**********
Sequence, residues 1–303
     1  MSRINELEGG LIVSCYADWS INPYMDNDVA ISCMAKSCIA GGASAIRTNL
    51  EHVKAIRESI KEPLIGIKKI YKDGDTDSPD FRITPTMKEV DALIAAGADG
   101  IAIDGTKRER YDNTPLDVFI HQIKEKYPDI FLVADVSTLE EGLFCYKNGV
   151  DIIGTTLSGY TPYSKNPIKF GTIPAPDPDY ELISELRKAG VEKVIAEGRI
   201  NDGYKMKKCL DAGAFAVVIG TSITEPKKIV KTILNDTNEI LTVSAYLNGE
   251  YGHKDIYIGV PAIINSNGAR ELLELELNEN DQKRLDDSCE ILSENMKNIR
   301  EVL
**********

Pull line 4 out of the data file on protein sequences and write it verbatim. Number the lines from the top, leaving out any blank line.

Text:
   101  IAIDGTKRER YDNTPLDVFI HQIKEKYPDI FLVADVSTLE EGLFCYKNGV